Modular Fixturing for Assembly and Welding Applications
NASA's researchers have designed modular fixtures to address inefficiencies in time, labor, and material costs due to the need to fabricate unique, monolithic fixture bodies for different segments of the Space Launch System (SLS). Before NASA staff can configure and weld rocket sections, they must assemble modular tooling atop a large turntable with radial grooves. Supporting braces (tombstones) that form the base of the modular structure slide into radial grooves. Other extending, clamping, and joining fixtures can be variously connected to the base structure to provide circumferential support for producing conical and cylindrical structures. NASA has used the tooling to produce structures with diameters of up to 27 feet. Depending on the desired application, the base can be scaled to produce larger or smaller diameters, and the grooves can be arranged with a longitudinal arrangement for production of parts with bilateral symmetry. The development of these modular fixtures required an initial investment similar to that of a single project's tool design and fabrication costs. Once produced, only a fraction of that time/cost is required to begin all subsequent projects. NASA has used this new, adaptable tooling in the construction of several different rocket stages, proving its cost-saving capabilities.
Ultrasonic Stir Welding
Ultrasonic Stir Welding is a solid state stir welding process, meaning that the weld work piece does not melt during the welding process. The process uses a stir rod to stir the plasticized abutting surfaces of two pieces of metallic alloy that forms the weld joint. Heating is done using a specially designed induction coil. The control system has the capability to pulse the high-power ultrasonic (HPU) energy of the stir rod on and off at different rates from 1-second pulses to 60-millisecond pulses. This pulsing capability allows the stir rod to act as a mechanical device (moving and stirring plasticized nugget material) when the HPU energy is off, and allowing the energized stir rod to transfer HPU energy into the weld nugget (to reduce forces, increase stir rod life, etc.) when the HPU energy is on. The process can be used to join high-melting-temperature alloys such as titanium, Inconel, and steel.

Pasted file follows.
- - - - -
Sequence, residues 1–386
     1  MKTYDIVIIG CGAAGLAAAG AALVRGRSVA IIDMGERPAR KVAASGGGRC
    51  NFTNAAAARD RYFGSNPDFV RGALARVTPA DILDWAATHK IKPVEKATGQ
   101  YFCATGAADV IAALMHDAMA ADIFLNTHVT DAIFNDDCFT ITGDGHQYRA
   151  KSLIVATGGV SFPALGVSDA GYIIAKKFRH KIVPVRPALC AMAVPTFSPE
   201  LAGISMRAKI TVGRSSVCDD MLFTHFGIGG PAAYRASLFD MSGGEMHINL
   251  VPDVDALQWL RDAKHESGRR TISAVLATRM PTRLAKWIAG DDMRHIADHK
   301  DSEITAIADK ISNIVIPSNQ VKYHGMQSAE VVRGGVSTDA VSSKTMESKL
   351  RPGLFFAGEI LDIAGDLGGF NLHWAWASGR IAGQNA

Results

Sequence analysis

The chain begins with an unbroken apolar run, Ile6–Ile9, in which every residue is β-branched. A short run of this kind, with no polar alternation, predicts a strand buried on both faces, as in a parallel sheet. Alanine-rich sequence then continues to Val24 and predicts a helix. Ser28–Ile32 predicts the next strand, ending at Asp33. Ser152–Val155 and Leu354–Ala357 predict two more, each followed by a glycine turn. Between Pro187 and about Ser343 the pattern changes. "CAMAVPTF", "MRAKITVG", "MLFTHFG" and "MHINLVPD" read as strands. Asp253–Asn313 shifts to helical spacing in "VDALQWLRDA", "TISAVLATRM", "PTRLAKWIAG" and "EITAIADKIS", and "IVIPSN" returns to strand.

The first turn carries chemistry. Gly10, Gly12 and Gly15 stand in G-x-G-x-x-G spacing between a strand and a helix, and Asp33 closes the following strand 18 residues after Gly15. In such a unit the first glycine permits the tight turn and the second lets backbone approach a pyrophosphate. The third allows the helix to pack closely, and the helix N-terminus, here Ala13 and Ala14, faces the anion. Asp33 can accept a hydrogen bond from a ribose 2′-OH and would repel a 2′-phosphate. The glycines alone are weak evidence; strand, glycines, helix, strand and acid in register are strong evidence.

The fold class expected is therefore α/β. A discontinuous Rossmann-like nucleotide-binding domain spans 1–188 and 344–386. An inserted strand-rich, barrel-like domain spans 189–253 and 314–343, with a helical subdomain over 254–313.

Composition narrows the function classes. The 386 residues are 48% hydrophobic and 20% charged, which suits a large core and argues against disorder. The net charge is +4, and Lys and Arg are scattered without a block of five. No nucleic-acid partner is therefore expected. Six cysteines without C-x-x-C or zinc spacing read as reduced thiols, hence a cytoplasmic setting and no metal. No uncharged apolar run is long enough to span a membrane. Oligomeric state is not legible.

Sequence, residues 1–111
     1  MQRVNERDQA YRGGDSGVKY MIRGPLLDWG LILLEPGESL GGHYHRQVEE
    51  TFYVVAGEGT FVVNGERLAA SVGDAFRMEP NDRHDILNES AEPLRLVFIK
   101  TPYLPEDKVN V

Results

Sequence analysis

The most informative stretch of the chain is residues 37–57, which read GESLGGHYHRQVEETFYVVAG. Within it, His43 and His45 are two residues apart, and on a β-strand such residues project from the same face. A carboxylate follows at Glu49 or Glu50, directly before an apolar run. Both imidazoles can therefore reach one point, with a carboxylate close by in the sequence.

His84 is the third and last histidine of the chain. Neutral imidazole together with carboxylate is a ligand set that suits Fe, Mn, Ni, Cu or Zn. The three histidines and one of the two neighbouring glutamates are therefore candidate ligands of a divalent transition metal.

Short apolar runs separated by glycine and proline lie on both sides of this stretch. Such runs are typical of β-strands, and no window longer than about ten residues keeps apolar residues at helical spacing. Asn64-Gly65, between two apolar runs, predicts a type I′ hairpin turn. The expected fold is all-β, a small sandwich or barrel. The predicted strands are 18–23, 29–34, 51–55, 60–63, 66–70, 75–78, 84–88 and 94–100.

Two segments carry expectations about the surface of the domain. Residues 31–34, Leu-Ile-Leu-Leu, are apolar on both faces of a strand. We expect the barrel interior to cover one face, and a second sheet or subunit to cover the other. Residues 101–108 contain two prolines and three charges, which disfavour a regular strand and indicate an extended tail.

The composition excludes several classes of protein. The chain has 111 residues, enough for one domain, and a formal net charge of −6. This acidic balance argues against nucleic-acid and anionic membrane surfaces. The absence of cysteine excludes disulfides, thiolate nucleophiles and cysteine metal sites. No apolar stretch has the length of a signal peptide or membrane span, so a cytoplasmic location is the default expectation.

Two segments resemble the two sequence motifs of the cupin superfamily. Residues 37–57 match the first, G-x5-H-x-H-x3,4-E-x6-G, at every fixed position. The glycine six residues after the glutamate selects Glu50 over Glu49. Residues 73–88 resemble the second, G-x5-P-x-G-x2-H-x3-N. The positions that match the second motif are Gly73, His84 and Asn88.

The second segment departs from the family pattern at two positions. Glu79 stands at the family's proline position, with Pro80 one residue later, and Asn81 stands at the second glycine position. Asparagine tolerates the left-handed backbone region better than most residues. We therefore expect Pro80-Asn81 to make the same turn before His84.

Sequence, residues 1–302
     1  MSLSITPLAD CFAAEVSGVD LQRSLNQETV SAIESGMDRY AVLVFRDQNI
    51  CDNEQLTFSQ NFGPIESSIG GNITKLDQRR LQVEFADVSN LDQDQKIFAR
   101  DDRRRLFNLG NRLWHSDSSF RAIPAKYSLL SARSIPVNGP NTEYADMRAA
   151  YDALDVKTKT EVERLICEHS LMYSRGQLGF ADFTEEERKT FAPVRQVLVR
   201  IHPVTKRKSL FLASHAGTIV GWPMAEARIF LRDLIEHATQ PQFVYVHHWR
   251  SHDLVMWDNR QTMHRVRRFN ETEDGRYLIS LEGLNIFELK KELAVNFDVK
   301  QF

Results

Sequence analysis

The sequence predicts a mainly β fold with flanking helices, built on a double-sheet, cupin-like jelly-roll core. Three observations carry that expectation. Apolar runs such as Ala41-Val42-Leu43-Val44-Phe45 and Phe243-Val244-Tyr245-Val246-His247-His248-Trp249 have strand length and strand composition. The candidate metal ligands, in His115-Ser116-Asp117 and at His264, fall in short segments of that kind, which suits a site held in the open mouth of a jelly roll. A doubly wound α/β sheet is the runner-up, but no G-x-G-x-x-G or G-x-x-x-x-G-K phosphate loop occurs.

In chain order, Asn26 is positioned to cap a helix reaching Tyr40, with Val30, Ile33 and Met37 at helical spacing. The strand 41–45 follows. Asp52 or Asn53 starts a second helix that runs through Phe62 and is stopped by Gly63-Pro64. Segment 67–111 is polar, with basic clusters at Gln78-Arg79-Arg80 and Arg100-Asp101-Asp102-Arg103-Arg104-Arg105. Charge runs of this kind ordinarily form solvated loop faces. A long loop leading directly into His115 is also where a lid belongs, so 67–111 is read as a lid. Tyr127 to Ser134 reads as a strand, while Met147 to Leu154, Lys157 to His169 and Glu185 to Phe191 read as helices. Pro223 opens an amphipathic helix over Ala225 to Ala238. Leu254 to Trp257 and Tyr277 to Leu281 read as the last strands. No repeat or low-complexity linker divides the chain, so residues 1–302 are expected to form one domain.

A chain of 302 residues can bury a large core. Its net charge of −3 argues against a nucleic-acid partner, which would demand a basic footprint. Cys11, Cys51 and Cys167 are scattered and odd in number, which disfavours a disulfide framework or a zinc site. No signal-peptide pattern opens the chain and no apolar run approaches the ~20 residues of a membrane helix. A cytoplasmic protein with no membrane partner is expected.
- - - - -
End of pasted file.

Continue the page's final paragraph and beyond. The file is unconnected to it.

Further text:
materials and coatings
Improved Infrared Contrast Analysis and Imaging
When using flash IR thermography to evaluate materials, variations in the thermal diffusivity of the material manifest themselves as anomalies in the IR image of the test surface. Post-processing of this raw IR camera data provides highly detailed analysis of the size and characterization of anomalies. NASA created complementary contrast tools that offer highly precise measurements. The peak contrast and peak contrast time profiles generated through this analysis provide quantitative interpretation of the images, including detailed information about the size and shape of the anomalies. The persistence energy and persistence time profiles provide highly sensitive data giving indications of the worst areas of the detected anomalies. Peak contrast, peak time, persistence time, and persistence energy measurements also enable monitoring for flaw growth and signal response to flaw size analysis. The normalized temperature contrast profile provides more sensitive response than image contrast, allowing the system to detect smaller flaws. JSC's suite of software and tools provides more comprehensive, detailed, and accurate NDE detection and characterization of subsurface defects in nonmetallic composite materials than current methods. JSC's software normalizes and calibrates the data, therefore, providing more stable measurements and greatly minimizing errors due to operator and camera variability.